I Want It Now! The Neuroscience of Teenage Impulsivity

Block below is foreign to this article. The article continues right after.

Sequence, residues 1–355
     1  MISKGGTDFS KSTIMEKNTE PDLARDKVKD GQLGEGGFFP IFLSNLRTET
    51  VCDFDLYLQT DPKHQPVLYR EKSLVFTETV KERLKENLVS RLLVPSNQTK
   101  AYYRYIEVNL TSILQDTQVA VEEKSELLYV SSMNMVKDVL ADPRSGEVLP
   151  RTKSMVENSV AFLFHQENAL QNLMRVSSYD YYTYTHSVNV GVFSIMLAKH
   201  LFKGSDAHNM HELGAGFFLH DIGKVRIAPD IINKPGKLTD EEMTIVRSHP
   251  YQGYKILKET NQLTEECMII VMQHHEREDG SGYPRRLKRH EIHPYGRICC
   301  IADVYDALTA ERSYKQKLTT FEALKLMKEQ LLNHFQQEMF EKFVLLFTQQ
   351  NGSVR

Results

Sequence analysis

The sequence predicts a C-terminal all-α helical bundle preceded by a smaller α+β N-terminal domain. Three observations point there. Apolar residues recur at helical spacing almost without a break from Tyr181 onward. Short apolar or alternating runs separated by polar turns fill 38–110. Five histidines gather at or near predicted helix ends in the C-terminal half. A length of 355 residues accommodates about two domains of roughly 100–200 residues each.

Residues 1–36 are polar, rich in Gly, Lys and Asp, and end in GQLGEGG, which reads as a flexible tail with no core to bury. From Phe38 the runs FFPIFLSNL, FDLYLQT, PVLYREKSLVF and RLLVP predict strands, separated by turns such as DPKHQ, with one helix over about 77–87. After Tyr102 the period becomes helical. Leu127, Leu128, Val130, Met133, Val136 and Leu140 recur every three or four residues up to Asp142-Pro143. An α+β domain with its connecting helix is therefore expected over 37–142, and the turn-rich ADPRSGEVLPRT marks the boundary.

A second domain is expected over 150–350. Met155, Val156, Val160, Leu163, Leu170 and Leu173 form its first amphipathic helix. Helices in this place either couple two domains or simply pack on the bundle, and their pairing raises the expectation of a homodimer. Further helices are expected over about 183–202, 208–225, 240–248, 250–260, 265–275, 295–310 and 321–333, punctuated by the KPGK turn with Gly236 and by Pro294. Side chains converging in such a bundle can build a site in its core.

What would you rather do on a hot summer day? Going to football practice or having ice-cream by the pool? The pool might be much more fun than going to –any- sports practice, so it may seem to be an easy choice. However, if you would often miss practice, your coach might not line you up at the next match, and you would not improve overall. In the light of these future consequences, attending practice might not look so bad after all. Yet, research shows that teenagers, more often than others, tend to follow their impulses rather than pursuing long-term goals. Why do teenagers have so much difficulty controlling their impulses? And how does this get better when you get older? We studied the developing brain and found that this depends on at least two different brain areas. Specifically, as you grow older, connections between these two brain areas get stronger: This helps you think about the future consequences of your actions, be less impulsive, and (maybe) also turn this into better decisions.